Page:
The SKWAWKBOX has recently covered concerns over the propriety of the Copeland by-election and tactics of threat and impersonation being used by local Tory councillors and activists in Pendle, not too far south.
Now, at the other end of the country the Tories have also been caught breaching another key electoral rule – and one that concerns postal votes, which are also at the centre of concerns in Copeland.
Surprisingly – to this author at least – electoral rules do allow political parties to invite voters to send postal ballot application forms (not actual completed ballot papers) to party offices rather than to the local authority conducting the election. This would appear to be fraught with the risk of facilitating potential fraudulent applications, but it is currently permitted.
However, political parties are not allowed to encourage voters to do so. In fact, the Postal Vote Code of Conduct instructs them to discourage it by making the official return address.
However, the Somerset Conservatives website breaches this rule, putting the Tories office as the first address for completed applications and failing to indicate that the local ERO is the preferred destination, let alone providing the Returning Officer’s address:
A local resident wrote to Somerset County Council’s Strategic Manager of Governance and Risk about this breach and received this response:
Thanks for sending a scan of the letter. Having studied the Code of conduct for campaigners in Great Britain and spoken to the Electoral Commission the letter should have the Electoral Services Office as the primary address for return of the form. The letter can include a secondary address.
Clearly this is not the case with the example that you sent through. Campaigners can receive completed forms and should then forward them to the Electoral Registration Officer’s address within two working days of receipt.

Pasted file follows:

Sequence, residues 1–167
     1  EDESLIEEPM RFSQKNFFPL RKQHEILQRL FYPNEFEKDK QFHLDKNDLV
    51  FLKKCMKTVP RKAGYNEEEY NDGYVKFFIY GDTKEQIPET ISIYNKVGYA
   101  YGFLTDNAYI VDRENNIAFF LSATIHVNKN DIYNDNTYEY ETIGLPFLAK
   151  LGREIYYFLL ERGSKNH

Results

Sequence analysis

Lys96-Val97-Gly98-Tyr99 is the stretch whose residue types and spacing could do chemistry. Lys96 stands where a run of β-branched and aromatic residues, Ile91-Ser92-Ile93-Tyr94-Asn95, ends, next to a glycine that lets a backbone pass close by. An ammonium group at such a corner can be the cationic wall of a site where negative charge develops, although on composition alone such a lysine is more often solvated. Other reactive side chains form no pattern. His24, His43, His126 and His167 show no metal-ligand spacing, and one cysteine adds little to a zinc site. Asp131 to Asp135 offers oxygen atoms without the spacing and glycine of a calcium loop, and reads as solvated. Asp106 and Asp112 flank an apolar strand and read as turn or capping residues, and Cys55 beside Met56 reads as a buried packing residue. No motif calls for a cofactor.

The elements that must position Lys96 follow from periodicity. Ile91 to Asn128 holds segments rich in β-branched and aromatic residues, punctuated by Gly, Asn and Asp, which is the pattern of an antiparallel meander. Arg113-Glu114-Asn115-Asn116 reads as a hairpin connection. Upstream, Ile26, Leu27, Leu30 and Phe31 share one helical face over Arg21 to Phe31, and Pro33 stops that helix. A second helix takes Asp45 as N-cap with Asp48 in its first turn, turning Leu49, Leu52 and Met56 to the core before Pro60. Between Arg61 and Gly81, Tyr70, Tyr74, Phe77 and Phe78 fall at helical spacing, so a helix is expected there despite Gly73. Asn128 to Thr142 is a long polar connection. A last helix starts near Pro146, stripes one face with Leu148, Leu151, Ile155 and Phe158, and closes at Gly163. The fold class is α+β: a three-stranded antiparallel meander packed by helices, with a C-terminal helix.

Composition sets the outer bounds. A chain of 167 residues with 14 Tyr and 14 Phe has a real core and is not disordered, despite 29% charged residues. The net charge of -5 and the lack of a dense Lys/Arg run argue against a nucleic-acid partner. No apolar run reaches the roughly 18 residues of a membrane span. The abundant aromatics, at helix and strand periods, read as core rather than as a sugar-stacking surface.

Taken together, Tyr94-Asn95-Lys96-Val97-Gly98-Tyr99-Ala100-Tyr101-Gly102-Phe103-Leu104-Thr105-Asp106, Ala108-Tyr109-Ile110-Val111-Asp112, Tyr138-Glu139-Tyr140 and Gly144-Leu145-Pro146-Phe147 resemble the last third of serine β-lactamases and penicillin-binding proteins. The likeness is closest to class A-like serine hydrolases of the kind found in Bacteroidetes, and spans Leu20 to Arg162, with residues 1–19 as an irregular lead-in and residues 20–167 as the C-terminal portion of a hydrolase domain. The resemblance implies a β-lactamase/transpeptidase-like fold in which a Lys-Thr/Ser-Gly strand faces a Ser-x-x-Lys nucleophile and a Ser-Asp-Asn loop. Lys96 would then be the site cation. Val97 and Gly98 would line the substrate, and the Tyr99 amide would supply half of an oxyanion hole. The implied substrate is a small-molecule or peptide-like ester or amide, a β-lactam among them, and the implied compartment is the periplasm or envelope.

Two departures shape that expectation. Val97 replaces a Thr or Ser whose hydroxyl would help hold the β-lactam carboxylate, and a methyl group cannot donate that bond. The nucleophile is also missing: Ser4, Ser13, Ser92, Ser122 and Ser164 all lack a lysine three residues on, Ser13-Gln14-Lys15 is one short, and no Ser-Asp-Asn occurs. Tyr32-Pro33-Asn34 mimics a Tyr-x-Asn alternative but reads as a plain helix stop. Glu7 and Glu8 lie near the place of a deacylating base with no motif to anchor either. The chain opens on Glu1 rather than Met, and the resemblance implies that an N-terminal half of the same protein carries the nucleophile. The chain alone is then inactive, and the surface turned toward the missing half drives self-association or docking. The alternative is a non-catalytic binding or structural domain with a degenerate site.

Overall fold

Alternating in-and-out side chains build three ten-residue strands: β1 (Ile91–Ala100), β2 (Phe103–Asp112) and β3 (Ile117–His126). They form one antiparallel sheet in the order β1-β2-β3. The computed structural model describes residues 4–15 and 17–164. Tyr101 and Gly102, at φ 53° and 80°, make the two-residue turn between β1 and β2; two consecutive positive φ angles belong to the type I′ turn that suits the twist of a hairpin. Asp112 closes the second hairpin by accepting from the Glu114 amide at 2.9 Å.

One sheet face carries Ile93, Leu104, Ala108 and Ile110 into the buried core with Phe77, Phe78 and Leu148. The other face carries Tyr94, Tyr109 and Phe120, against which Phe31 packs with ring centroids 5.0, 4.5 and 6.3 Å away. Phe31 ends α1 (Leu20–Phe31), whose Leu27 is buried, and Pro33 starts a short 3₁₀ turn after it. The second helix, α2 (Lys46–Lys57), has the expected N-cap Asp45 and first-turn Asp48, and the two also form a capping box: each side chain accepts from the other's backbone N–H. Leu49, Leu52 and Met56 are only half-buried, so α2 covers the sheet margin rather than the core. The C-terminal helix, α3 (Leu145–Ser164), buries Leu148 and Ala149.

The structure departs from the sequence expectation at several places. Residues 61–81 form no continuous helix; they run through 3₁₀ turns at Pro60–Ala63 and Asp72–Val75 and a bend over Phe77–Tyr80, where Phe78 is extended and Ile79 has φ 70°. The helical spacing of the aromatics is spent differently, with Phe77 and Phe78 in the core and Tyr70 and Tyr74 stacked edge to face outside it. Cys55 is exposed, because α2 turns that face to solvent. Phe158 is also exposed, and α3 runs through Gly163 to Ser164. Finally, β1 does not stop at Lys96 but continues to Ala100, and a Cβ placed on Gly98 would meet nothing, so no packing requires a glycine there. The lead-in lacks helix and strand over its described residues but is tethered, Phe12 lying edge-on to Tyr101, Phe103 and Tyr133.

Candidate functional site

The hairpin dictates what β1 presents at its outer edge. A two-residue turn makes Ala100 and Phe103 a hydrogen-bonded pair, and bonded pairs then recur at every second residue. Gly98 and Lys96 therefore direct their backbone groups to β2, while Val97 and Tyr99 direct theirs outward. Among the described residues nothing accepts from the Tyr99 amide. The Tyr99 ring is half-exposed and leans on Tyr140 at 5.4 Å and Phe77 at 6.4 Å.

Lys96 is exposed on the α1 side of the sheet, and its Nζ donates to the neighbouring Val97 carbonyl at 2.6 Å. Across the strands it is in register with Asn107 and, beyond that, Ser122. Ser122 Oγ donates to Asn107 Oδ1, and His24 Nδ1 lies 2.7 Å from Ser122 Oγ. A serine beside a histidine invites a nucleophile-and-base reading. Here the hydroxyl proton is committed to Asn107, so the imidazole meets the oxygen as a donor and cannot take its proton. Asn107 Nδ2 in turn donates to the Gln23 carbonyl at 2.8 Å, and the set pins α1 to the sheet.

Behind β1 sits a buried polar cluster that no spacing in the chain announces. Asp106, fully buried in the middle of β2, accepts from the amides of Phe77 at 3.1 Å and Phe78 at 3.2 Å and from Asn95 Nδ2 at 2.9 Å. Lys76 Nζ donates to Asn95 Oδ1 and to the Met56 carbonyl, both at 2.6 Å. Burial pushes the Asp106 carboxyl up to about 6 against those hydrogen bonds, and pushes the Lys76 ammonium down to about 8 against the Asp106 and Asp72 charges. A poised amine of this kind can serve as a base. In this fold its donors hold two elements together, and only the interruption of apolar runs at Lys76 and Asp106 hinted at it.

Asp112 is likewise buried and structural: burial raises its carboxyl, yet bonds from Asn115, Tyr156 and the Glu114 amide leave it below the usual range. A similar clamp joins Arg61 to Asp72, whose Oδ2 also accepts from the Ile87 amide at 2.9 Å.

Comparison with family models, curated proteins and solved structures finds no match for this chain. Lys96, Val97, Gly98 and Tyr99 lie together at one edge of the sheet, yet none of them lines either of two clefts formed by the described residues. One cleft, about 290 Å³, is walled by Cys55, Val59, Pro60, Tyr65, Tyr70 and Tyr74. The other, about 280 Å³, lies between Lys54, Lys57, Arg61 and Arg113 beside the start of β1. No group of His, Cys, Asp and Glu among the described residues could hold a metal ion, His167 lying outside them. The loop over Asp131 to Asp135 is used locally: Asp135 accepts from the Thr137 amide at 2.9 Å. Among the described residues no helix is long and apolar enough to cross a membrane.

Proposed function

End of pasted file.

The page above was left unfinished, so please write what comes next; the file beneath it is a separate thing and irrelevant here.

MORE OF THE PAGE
In the light of what you have sent through Pat Flaherty as County Returning Officer has raised this formally as an issue with the Conservative Party elections agent to point out what needs to happen under the requirements of the Code.
This may seem like a small ‘technicality’, but it’s in such seemingly-insignificant areas that space for election-tampering can exist – affecting the wellbeing of thousands and even millions of our citizens. And if the Tories are prepared to mis-allocate or completely omit hundreds of thousands of pounds of electoral spending, then they’ll exploit any opportunity to tilt elections their way.
So the SKWAWKBOX needs your help. This writer has checked a few local Tory sites at random but can’t check every such site in the country. If you read this article, please take a few minutes to find your local Conservative website and see what they say about the return of postal vote applications – and if you find any that do not meet the Code of Conduct requirements shown above, put the website URL in the comments of this article, so the any breaches can be exposed and corrected.
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